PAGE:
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Sound Reinforcement Or Reproduction? It’s All About The Intent

It comes down to making decisions about how you will approach your craft of live sound, and it should be different depending on the various types of music and audiences. What do you want them to hear?

One of my first jobs in the pro audio business was to make cables, do simple repairs and be a general “tech” at the USC film school audio department. I was one of those destitute students who asked around about “anything I could get” in terms of work. And this was it.

It was a good experience for a number of reasons, foremost of which was that THX guru Tomlinson Holman was one of the main teachers at the film school, and he was often around the department. I had taken a class from him and knew who he was.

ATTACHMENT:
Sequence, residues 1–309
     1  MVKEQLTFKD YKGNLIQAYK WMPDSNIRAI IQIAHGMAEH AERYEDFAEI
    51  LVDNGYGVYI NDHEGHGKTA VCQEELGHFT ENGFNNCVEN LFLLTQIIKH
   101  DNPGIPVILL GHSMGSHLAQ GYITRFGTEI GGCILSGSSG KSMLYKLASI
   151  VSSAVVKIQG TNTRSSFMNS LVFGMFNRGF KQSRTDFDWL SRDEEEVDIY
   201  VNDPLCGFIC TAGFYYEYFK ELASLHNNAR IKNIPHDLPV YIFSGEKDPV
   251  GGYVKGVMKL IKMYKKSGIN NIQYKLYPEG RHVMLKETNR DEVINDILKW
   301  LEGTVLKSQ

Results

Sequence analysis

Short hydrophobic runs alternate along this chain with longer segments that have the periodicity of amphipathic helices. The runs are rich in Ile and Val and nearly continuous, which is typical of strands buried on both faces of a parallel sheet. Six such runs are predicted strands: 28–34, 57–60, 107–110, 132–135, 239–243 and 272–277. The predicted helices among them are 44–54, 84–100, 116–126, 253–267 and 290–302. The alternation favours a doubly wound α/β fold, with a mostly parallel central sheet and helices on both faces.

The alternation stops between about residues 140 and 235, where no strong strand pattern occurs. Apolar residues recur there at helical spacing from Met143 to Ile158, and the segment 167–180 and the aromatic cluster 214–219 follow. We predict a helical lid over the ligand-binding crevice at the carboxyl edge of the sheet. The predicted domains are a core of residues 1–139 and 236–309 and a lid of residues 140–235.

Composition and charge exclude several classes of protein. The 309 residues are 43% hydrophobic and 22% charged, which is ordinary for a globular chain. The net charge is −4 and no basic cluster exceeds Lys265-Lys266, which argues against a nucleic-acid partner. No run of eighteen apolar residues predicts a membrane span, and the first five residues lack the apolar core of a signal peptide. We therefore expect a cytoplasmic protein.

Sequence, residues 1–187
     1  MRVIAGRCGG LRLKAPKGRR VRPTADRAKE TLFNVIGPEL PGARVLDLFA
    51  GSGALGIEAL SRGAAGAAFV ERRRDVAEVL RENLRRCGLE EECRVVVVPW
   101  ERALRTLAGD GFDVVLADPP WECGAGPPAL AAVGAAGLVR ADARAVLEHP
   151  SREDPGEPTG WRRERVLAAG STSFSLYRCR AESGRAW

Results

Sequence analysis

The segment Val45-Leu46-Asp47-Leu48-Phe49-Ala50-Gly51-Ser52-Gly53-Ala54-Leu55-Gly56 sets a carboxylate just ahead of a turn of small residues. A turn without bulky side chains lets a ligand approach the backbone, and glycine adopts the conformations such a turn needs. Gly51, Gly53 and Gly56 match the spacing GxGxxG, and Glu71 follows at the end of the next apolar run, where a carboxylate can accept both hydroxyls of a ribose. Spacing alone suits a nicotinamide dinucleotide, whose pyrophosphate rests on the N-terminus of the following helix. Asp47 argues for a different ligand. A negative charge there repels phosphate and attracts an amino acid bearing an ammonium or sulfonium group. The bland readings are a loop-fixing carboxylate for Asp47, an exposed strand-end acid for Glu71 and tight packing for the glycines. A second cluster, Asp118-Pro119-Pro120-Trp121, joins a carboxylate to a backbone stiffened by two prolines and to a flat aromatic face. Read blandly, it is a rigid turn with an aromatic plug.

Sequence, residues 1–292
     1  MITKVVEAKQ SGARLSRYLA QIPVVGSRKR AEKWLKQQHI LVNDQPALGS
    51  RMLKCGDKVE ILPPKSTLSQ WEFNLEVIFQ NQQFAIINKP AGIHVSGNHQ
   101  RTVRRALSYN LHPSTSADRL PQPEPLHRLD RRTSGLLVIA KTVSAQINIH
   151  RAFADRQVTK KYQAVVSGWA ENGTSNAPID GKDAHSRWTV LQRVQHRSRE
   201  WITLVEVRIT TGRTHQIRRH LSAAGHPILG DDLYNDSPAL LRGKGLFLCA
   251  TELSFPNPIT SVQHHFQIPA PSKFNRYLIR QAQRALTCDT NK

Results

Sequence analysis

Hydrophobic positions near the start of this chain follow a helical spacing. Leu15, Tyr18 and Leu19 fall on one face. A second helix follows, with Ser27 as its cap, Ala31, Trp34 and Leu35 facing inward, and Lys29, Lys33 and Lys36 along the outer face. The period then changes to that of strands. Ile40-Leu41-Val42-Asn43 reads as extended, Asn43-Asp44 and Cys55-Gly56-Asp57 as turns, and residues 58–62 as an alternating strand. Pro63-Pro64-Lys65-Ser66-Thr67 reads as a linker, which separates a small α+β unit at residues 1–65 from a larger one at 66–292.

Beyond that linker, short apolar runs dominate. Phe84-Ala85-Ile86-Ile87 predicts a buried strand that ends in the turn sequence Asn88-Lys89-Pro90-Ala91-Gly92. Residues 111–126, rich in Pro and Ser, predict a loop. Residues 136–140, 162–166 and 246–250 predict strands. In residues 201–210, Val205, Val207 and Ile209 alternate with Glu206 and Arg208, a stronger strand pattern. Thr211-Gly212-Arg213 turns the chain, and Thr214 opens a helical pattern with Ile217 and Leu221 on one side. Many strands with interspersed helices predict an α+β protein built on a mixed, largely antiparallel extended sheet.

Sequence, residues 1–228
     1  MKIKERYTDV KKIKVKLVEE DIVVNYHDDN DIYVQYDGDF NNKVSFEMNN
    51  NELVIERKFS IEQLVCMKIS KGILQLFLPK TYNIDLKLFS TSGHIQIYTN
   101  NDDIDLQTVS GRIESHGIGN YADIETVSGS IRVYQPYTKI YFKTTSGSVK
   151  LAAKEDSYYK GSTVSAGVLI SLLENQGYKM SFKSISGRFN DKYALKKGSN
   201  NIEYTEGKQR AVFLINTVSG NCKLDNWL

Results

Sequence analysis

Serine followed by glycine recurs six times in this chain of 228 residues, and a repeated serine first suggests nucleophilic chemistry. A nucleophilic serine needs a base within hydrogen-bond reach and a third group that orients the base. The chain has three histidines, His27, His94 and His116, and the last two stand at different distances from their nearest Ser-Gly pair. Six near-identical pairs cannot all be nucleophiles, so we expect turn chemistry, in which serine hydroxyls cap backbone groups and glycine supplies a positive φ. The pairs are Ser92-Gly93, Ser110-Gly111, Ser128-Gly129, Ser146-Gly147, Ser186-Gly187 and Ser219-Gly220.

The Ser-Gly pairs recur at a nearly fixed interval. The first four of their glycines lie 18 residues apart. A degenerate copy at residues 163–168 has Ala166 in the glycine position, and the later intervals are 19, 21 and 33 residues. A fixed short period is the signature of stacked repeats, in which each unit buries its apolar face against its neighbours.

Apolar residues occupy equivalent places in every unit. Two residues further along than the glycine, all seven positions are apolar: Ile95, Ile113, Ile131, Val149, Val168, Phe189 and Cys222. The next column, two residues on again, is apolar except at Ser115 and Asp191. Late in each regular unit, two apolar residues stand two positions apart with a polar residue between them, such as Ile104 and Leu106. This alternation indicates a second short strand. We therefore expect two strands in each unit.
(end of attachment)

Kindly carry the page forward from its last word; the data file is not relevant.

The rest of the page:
One day at the shop, he was hanging around a bit and I decided to ask him about his thoughts on tube versus solid-state amplifiers, figuring that A) he knew a lot about the subject, and B) he would have some interesting insights for a budding engineer like myself. His answer surprised me but gave me something to chew on for many years after that. He said, “What you have to think about is the difference between ‘reproduction’ and ‘production’ in terms of what the two different designs accomplish.”

In terms of live sound, I think this same concept is very important to consider. It’s fairly common to debate the issue of “reinforcement versus amplification,” and this is close to what I’m getting at. So that these concepts can be more thoroughly examined, I would propose naming three different categories: reproduction, reinforcement, and production.

Reinforcement: The Most Basic Approach